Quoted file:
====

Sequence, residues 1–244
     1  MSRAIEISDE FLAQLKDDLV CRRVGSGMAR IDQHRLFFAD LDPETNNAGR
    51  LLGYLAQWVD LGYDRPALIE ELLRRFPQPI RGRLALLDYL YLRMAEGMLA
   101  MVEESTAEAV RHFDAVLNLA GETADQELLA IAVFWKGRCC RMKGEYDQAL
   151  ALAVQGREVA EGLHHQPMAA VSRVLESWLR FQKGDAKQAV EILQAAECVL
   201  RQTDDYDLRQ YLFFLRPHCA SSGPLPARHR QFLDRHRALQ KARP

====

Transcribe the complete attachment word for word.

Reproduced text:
Sequence, residues 1–244
     1  MSRAIEISDE FLAQLKDDLV CRRVGSGMAR IDQHRLFFAD LDPETNNAGR
    51  LLGYLAQWVD LGYDRPALIE ELLRRFPQPI RGRLALLDYL YLRMAEGMLA
   101  MVEESTAEAV RHFDAVLNLA GETADQELLA IAVFWKGRCC RMKGEYDQAL
   151  ALAVQGREVA EGLHHQPMAA VSRVLESWLR FQKGDAKQAV EILQAAECVL
   201  RQTDDYDLRQ YLFFLRPHCA SSGPLPARHR QFLDRHRALQ KARP